- Cam-Winget et al. (2003) surveyed a variety of shortcomings in WEP. They write, “Experiments in the field indicate that, with proper equipment, it is practical to eavesdrop on WEP-protected networks from distances of a mile or more from the target.” They also reported two generic weaknesses: (1) Use of WEP was optional, resulting in many installations never even activating it, and (2) WEP didn't include a key management protocol, relying instead on a single shared key amongst users.
- In 2005, a group from the U.S. Federal Bureau of Investigation gave a demonstration where they cracked a WEP-protected network in 3 minutes using publicly available tools.
Scott R. Fluhrer, Itsik Mantin, Adi Shamir, "Weaknesses in the Key Scheduling Algorithm of RC4". Selected Areas in Cryptography 2001: pp1–24.
Nancy Cam-Winget, Russell Housley, David Wagner, Jesse Walker: Security flaws in 802.11 Data Link Protocols. Communications of the ACM 46(5): 35-39 (2003)
WPA & the road to 802.11i
Wi-Fi Protected Access (WPA) is the successor to WEP and a transitional pathway to full 802.11i compliance. It can be broken down into standard WPA, which implements much of the 802.11i standard and intermediately replaces WEP with no hardware upgrades required (it can be used with the same devices that used WEP), or WPA2, which implements the full standard and directly replaces WEP with hardware upgrades (stronger security requires new technology). Additionally, each rendition can be employed in Enterprise Mode (using a 802.1X authentication server and unique passphrases to each user) or Personal Mode (using a pre-shared key (PSK) amongst all users. Enterprise mode facilitates better security, but is accompanied by additional hardware requirements (and thereby costs). For the home user alone (with respect to the Rolla wireless audits), simple WPA offers vast improvements over WEP.
WPA uses a RC4 stream cipher with a 128-bit key and 48-bit initialization vector. While this may resemble WEP, it is in no way as susceptible to exploit. A Temporal Key Integrity Protocol (TKIP) dynamically changes keys more securely and, accompanied by a large initialization vector, replay attacks are much less likely than with WEP. Additionally, the payload integrity of WPA is improved over WEP (which allowed users to alter payloads and message CRCs without knowledge of keys). WPA uses a much more secure Message Authentication Code (MAC), or as it's known in Wi-Fi, Message Integrity Code (MIC) labeled the “Michael algorithm.” Included in the MIC of WPA is a frame counter to prevent packet manipulation that WEP is susceptible to.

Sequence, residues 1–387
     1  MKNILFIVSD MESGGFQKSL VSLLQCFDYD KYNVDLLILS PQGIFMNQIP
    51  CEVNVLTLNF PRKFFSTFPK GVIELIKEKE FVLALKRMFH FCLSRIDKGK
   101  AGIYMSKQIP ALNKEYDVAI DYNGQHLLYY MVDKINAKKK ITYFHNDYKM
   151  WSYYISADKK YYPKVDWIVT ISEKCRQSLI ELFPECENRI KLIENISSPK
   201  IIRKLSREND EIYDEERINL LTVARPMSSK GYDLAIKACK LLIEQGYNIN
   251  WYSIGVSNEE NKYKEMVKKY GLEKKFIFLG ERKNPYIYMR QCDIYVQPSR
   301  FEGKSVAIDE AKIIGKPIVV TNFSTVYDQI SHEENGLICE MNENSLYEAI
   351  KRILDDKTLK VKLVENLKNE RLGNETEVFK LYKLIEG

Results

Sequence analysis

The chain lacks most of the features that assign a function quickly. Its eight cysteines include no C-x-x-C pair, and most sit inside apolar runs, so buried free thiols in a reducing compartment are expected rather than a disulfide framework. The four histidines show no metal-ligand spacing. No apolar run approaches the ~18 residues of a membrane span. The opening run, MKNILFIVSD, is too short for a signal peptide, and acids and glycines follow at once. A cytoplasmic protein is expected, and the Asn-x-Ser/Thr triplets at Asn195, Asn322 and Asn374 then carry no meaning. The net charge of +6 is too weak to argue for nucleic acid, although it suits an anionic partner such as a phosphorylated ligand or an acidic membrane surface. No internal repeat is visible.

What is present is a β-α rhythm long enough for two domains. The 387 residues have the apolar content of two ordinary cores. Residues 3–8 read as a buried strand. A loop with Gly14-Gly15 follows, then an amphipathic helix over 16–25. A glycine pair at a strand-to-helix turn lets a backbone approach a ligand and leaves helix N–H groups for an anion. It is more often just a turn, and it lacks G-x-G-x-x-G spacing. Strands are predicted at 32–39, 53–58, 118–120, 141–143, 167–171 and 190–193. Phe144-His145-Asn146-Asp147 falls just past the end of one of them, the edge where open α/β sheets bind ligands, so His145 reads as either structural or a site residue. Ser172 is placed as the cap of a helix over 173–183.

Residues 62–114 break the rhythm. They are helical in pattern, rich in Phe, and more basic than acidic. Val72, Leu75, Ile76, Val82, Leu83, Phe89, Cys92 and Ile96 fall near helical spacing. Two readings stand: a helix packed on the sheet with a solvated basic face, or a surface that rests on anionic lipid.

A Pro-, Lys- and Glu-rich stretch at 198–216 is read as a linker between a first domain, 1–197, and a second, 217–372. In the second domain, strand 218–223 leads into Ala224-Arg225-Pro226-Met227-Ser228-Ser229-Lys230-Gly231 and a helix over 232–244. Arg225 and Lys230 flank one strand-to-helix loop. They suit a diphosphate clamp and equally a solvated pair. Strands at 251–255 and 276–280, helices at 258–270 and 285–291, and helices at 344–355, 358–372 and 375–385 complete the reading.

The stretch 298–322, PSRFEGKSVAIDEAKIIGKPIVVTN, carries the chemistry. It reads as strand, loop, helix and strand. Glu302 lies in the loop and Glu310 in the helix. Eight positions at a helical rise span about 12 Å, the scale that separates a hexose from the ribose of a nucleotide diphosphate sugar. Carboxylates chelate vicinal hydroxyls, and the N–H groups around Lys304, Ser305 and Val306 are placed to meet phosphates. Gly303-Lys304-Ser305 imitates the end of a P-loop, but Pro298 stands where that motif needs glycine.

Unfortunately, WPA is still subject to packet forgery – while the improvements over WEP are immense, transmission of WPA is still subject to analysis and thereby exploitation. The time required for such attacks is noticeably longer than the three minutes for WEP, but can't be relied upon for critical data. To further mediate these threats, WPA2 is being employed.
WPA2 is fully certified by 802.11i. It includes all of the aforementioned advancements in WPA over WEP in addition to employing what legacy hardware would not permit – stronger algorithms. A Counter Mode with Cipher Block Chaining Message Authentication Protocol (CCMP) in WPA2 replaces the aforementioned Michael algorithm of standard WPA. Moreover, RC4 is replaced by AES, the current encryption standard intended to be used by U.S. Government organizations to protect sensitive data. As a result, the security of WPA in WPA2 is noticeably improved.
The Achilles' heel of WPA is the strength of the passphrases employed. Improved encryption algorithms, longer key sizes and initialization vectors, stronger integrity checks and the like aren't effective if given a weak passphrase to process and use as a key. Although a Password- Based Key Derivation Function (PBDF2) strengthens security, weak passwords may undermine all of the aforementioned strengths of WPA. As a result, wireless security is merely as strong as its weakest link. If users aren't properly educated about proper security practices, they undermine the entire premise of the aforementioned security methodologies.
Conclusions & Future Directions
The growth of wireless networking is unquestionably on the rise. Here in Rolla Missouri for example, the increase in access points (unique MAC addresses) over the past year has been phenomenal (see section 1.2: Results). The trend in securing these networks is improving as more effective hardware solutions are released (Linksys and OneTouchSetup), interest groups notify the public of related threats (SIG Security), and stronger algorithms are employed for backing (AES). As a result, wireless networking is slowly being secured - as it should have been in development.
WEP offered a minimal degree of security for wireless networking, and that degree is no longer sufficient. WPA and WPA2, on the other hand, have paved the way to stronger security and more adequate integrity on the whole. How long will these methods suffice? That's a question left to our society and our reliance on Wi-Fi in general; if growth continues to increase, it stands to reason that even 802.11i will be overly exploited and in-turn fail in the way that WEP has.
With respect to the slow progression of security versus the wildfire of technological adoption, we must acknowledge that we're not there yet; wireless networks may in no way be considered secure at the moment, and must be treated as though they are not – regardless the security mechanisms employed. Transmitted data is still using air as its medium, and that data will always be subject to analysis. As a result, exploitation is only a matter of time.
Posted in: May 2006
- Nikita Borisov, Ian Goldberg, David Wagner, "Intercepting mobile communications: the insecurity of 802.11." MOBICOM 2001, pp180–189.
- Nancy Cam-Winget, Russell Housley, David Wagner, Jesse Walker: Security flaws in 802.11 data link protocols. Communications of the ACM 46(5): 35-39 (2003)